Page 122 - Security Today, July/August 2018
P. 122

By Sydny Shepard
rills designed to prepare stu- comprehensive lockdown procedure.
dents for an emergency situ- One of the most important tips from the ation are not new. Many article is about communication. Those on schools have drills to teach campus will not know to initiate a campus students what to do in the lockdown procedure if they don’t know there
event of a fire, tornado or earthquake. For is a threat to the building. Advanced campus many years, campuses believed these drills technology has helped schools, universities,
encompassed the entire gamut of threats that could endanger students, faculty and staff on their campus. Today, the threats are evolving and so are the drills.
The definition of a lockdown varies by the campus facilitating the procedure. For the most part, if a facility is in lockdown, all exte- rior doors are locked and those inside are asked to stay there until there is no longer a threat. There are varying degrees of lock- downs, from exterior doors being locked but motion inside the building, to a complete and total lockdown where everyone is silent and still, hiding from potential threats.
Campus lockdowns have evolved since the tragedies of Columbine and Sandy Hook. Before these school shootings, campuses had a vague plan for staff to carry through if an unauthorized visitor gained access to the area, but the plans were never thought out, prac- ticed or communicated to the entire campus.
Many campuses had the mentality of “not at my school.” They never believed an active assailant would gain access to their campus. The threat of an active shooter has become so prevalent that lockdown procedures have begun to evolve and shape into what we see in schools today.
The cover story of this issue is all about developing an effective lockdown procedure for your campus. The article focuses creating a plan that works best for your facility, taking into account several variables from entry points to paths of travel and even activities happening outside of the building. Schools and universities must think through every possible scenario when it comes to creating a
colleges and medical facilities integrate com- munication of emergency incidents into their comprehensive security systems, making it easier to warn administration, teachers and students of threats. Automate messages to your staff and to first responders so that com- municating an emergency on campus is a fast and efficient process.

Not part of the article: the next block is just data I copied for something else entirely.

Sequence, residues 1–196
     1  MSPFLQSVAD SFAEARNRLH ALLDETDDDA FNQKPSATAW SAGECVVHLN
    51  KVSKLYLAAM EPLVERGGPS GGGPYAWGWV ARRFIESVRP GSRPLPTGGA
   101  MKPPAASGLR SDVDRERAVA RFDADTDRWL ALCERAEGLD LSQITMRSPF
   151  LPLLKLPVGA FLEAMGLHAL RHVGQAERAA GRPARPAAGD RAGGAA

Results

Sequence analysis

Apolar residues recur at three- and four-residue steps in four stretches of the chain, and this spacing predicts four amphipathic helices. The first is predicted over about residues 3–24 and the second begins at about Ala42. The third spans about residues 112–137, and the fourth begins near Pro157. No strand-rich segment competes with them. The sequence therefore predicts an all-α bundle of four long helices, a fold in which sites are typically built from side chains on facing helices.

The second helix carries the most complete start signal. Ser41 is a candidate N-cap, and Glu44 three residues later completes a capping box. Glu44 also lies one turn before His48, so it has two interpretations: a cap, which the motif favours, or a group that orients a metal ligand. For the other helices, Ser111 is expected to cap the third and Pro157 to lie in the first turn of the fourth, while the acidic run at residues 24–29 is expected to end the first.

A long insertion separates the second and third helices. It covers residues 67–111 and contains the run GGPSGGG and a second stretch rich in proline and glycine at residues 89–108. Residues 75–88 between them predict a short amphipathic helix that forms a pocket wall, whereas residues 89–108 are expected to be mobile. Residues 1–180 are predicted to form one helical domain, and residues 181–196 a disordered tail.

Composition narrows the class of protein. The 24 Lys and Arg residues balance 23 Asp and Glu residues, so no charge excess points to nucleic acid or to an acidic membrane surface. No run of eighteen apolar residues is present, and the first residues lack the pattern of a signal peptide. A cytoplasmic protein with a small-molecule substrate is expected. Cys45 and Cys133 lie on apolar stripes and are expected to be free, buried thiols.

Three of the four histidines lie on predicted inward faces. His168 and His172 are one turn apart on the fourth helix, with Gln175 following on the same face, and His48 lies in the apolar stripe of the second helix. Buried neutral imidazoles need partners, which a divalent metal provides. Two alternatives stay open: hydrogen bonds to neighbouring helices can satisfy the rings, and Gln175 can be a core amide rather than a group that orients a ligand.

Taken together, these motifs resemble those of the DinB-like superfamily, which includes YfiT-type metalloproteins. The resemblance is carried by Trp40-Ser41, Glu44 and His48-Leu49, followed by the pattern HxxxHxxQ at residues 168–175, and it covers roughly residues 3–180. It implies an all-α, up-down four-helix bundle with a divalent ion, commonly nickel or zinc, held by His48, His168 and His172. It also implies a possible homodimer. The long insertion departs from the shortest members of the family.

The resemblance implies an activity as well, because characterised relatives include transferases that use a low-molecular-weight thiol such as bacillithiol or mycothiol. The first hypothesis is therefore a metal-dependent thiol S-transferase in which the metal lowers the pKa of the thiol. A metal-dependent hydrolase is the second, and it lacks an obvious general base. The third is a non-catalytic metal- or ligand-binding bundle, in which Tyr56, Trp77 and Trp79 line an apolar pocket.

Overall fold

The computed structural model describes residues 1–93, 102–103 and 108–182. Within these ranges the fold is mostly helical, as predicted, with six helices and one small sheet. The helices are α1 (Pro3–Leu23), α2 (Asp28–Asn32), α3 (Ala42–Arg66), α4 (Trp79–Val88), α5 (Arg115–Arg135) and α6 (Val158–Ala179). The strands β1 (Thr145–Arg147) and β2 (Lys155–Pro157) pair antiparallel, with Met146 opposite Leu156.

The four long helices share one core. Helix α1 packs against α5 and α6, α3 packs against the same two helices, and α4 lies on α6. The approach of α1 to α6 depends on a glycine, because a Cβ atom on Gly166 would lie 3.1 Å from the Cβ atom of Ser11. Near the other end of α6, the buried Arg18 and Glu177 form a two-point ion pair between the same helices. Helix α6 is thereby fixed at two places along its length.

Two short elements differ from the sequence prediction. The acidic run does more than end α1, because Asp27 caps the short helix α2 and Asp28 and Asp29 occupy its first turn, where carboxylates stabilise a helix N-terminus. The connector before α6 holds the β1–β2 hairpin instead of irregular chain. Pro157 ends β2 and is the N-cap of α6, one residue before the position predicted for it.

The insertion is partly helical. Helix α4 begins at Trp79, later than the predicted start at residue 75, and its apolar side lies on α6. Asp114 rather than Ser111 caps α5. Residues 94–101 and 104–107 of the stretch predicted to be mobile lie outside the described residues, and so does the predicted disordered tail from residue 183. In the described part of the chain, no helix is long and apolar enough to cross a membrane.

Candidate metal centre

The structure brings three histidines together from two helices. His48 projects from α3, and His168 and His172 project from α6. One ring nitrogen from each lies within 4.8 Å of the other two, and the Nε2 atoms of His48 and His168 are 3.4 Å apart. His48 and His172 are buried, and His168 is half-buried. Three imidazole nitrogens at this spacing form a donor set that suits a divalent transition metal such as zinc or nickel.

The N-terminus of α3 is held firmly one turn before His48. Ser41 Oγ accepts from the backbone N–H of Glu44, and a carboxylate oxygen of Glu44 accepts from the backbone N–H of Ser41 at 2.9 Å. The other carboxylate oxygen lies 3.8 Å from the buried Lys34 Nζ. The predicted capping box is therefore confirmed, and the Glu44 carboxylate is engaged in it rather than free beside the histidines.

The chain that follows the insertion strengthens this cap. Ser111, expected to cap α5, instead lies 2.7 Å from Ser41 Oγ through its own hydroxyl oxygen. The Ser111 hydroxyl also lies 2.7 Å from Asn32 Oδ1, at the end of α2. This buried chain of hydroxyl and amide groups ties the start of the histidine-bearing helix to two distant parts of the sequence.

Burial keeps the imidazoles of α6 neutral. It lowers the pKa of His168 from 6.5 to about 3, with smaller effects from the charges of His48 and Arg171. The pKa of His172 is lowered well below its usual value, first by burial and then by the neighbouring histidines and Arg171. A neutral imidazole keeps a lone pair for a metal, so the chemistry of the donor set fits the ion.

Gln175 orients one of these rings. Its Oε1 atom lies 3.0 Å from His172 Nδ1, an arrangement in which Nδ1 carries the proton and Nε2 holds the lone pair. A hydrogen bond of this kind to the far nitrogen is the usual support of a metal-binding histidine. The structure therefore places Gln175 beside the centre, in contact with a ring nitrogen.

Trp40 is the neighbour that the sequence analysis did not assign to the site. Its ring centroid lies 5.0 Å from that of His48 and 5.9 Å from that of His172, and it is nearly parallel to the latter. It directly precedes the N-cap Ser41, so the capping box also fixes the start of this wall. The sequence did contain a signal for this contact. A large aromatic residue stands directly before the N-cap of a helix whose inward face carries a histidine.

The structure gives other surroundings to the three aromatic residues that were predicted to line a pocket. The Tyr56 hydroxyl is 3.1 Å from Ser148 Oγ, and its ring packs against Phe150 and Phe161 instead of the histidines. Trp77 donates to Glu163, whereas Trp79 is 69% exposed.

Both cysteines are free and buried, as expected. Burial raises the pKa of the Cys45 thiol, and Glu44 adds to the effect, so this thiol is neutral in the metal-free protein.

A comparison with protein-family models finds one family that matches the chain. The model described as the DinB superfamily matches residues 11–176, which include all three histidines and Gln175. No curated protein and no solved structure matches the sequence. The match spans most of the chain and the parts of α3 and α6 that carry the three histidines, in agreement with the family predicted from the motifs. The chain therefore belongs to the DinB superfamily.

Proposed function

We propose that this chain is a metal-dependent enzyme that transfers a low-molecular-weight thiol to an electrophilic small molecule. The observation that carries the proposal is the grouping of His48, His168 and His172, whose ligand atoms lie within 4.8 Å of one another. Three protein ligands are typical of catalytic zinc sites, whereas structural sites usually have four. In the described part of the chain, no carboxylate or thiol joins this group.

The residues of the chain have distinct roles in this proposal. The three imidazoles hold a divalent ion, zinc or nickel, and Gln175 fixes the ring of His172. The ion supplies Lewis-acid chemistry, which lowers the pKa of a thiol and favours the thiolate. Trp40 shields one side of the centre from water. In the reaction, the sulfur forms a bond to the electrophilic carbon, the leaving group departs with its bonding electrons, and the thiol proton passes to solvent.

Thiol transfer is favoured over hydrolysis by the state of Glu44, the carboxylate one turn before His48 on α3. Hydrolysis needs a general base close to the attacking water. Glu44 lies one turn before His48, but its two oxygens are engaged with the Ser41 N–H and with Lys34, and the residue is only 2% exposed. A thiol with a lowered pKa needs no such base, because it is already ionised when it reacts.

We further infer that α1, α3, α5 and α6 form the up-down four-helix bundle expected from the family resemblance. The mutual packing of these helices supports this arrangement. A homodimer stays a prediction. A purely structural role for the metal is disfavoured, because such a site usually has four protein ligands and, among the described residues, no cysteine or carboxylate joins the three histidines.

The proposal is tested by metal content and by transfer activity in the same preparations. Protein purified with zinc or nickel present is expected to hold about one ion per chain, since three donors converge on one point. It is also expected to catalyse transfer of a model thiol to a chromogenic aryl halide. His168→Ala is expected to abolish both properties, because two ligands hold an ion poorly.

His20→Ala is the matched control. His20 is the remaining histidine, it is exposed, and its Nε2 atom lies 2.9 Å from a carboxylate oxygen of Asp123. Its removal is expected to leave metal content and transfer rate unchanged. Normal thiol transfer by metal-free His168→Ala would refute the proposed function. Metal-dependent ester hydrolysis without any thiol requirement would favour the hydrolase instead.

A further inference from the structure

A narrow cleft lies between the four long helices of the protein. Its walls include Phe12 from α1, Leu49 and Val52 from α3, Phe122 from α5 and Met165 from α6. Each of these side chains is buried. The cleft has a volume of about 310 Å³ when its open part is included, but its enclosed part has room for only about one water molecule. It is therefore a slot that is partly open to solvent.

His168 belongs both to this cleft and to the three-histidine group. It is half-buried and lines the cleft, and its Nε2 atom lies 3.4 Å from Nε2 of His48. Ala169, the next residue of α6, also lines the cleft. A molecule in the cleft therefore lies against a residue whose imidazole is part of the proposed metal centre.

Another important piece of advice from the article is practice, practice, practice. Schools can properly plan lockdowns on paper, but faculty, staff and administration need to rehearse the lockdown procedure for it to be effective.
Don’t just let teachers mindlessly lock their doors and scoot children into the corner of the room during a drill, give them obstacles and problems to solve during drills so their decision making skills are sharp in the event of an emergency situation. All emergency situations are different, so why have cookie cutter drills?
There is a whole generation of students out there who will never know what it was like to only have to stuff themselves under a desk in case of a tornado, or create beelines to evacuate in case of a fire. This generation knows and will anticipate the very real threat of another human coming to their school with the sole intent to harm other people. I don’t know if I, in my formative years, could have handled that kind of fear. Could you have?
Executive Editor E-news Editor
Art Director
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Sydny Shepard Brent Dirks
Dale Chinn Teresa Antonio
Mike Seger, Director of safety and student services at Penn-Harris-Madison School Corp., Mishawaka, IN 46545 Jeff Karpovich, CPP, CHPA, Chief Director of Security & Trasportation at High Point University, High Point, NC Karen Evans, Sielox CEO, Runnemede, NJ
Alison Kiss, Executive Director at Clery Center, Strafford, PA
Sam Baird Amy Bix Brian Rendine
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